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Investigating hexatitanate for lithium rechargeable battery anodes

Researchers in Europe have been investigating the potential of the protonated hexatitanate H2Ti6O13 as an anode material for rechargeable lithium batteries.

Results of their work suggests that the properties of H2Ti6O13 seem to surpass those of the parent compound Li2Ti6O13. Its reversible capacity is well maintained upon cycling, even at increasing discharge rates. Furthermore, this reversible capacity is similar to that obtained for other titanium oxides already proposed as anode material for lithium rechargeable batteries. They are thus proposing both these materials as candidates for anode material, once their electrochemical performances are optimized.

Schematic representation of the crystal structure of a) Li2Ti6O13 and b) H2Ti6O13. Figure courtesy of J. C. Pérez-Flores. Click to enlarge.

The existence of the hexatitanate was only very recently demonstrated; in a paper published in 2012 in the journal RSC Advances, the team reported that the hexatitanate H2Ti6O13 is obtained by a simple successive Na+/Li+/H+ ion exchange of Na2Ti6O13. The team tested the hexatitanate as a Li insertion material to assess its use as an electrode in lithium rechargeable batteries.

It reacted irreversibly with around 6 Li ions per formula unit at an average voltage of 1.5 V vs. Li+/Li, with a specific discharge capacity of 315 mA h g−1. After first discharge, a reversible specific capacity of 170 mA h g−1 was developed. H2Ti6O13 then yielded a higher reversible specific capacity comparable to Li2Ti6O13.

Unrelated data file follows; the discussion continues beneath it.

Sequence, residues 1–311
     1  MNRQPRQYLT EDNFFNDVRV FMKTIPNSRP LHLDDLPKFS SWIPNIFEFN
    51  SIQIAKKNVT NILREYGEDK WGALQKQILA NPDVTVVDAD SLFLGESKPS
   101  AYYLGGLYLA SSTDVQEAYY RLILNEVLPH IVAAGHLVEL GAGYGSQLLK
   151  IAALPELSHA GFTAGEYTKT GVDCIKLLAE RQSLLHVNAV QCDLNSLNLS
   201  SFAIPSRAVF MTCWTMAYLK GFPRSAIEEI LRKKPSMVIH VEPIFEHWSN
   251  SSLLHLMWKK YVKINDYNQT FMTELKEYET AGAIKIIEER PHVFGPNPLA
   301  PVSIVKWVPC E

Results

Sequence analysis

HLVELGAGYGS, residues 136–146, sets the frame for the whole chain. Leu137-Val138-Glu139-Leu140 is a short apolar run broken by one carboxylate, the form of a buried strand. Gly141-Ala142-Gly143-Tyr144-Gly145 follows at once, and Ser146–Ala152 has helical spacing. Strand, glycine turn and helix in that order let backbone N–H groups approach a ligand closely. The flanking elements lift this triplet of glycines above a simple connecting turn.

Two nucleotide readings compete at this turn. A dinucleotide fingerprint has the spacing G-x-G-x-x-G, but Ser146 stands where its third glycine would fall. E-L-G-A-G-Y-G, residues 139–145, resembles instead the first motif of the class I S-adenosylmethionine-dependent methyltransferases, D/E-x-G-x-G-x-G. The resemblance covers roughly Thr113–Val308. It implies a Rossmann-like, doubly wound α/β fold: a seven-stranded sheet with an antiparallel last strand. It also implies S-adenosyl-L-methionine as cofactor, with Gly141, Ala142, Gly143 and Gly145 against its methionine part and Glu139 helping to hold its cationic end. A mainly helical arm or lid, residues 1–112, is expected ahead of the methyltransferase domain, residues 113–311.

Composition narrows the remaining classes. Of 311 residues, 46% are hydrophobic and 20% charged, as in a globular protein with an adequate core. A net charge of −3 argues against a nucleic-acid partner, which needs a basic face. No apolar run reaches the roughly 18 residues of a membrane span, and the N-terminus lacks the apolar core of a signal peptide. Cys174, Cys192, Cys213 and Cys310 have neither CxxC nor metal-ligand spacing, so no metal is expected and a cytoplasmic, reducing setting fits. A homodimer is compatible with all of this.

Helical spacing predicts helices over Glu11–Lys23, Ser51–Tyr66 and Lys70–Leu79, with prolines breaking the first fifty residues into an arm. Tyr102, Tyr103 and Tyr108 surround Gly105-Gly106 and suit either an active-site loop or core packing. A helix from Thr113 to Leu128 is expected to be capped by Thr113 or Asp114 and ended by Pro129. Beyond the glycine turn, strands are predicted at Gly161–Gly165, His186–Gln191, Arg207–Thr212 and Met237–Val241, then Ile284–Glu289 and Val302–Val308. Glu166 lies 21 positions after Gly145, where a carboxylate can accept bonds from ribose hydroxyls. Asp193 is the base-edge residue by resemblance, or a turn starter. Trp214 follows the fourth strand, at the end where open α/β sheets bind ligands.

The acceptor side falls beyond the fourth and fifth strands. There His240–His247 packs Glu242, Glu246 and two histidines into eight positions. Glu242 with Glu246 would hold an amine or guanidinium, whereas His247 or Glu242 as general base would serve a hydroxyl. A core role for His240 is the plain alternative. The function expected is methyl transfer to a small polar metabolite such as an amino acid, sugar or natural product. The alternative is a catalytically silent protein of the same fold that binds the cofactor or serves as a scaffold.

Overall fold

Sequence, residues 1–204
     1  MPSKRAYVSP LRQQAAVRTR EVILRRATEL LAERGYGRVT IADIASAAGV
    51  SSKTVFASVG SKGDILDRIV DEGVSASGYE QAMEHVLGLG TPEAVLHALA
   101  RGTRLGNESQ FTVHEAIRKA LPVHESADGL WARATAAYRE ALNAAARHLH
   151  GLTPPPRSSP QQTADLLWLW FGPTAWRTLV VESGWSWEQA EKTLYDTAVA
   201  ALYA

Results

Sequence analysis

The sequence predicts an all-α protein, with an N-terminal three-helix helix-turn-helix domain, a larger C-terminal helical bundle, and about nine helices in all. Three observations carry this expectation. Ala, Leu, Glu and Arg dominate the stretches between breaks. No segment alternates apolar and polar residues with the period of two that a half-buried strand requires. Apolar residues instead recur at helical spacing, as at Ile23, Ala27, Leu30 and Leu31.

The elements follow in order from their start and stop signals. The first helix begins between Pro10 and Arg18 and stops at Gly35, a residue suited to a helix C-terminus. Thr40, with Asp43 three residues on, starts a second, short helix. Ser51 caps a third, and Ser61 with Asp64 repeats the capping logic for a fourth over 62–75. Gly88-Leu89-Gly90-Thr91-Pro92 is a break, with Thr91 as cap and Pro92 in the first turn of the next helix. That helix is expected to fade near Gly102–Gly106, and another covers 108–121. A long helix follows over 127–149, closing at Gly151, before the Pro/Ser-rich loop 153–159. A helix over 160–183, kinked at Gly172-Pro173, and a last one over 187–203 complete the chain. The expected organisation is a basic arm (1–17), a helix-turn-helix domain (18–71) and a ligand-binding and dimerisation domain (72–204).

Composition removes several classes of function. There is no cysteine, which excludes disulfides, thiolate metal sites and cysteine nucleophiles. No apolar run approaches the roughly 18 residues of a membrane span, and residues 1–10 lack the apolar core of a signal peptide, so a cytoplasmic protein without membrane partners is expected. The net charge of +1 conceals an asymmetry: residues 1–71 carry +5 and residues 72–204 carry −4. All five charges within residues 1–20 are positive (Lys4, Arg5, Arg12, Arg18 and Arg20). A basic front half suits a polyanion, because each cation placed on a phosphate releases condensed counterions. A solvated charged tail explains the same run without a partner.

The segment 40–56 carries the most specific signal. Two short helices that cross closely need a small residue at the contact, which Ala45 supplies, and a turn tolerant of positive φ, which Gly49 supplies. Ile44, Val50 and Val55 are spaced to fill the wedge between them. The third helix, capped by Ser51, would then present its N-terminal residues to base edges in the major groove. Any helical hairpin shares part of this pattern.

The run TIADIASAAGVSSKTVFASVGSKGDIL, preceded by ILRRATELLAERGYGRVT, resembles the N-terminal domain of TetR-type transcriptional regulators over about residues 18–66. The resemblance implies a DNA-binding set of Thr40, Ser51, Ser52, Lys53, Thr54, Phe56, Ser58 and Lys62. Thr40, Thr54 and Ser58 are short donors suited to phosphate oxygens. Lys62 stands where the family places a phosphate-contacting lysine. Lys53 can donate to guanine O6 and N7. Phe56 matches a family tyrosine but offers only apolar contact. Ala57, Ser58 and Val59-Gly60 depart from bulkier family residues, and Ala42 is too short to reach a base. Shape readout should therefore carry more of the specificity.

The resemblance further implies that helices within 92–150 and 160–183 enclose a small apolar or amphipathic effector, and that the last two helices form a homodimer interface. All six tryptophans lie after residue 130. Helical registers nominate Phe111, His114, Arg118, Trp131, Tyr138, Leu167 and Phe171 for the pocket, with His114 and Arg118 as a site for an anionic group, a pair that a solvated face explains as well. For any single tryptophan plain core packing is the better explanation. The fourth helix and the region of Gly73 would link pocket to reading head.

The researchers combined synchrotron and neutron powder diffraction with IR spectroscopy data to provide a precise determination of the crystal structure, thus shedding light on the electrochemical properties of the material and the charge and discharge processes.

Powder X-ray diffraction provided a preliminary structural characterization. To characterize the structure in more detail, the team used neutron powder diffraction at the Heinz Maier-Leibnitz neutron source (FRM II, Garching, Germany), thanks to NMI3 funding. Additional synchrotron diffraction experiments were performed at the Helmholtz-Zentrum Dresden-Rossendorf outstation in the European Synchrotron Radiation Facility in Grenoble, France.

They also investigated the lithium insertion/deinsertion processes electrochemically.

While X-ray diffraction using synchrotron radiation provides highly accurate phase analysis, neutron diffraction is indispensable for deeper investigations, as both Li and H atoms can be readily located within the structure using subtle intensity changes in the neutron diffraction patterns, the researchers commented.


  • Juan Carlos Pérez-Flores, Flaviano García-Alvarado, Markus Hoelzel, Isabel Sobrados, Jesús Sanz and Alois Kuhn (2013) “Insight into the channel ion distribution and influence on the lithium insertion properties of hexatitanates A2Ti6O13 (A = Na, Li, H) as candidates for anode materials in lithium-ion batteries” Dalton Transactions doi: 10.1039/C2DT31665J

  • J. C. Pérez-Flores, C. Baehtz, M. Hoelzel, A. Kuhna and F. García-Alvaradoa (2012) “H2Ti6O13, a new protonated titanate prepared by Li+/H+ ion exchange: synthesis, crystal structure and electrochemical Li insertion properties” RSC Advances doi: 10.1039/C2RA01134D


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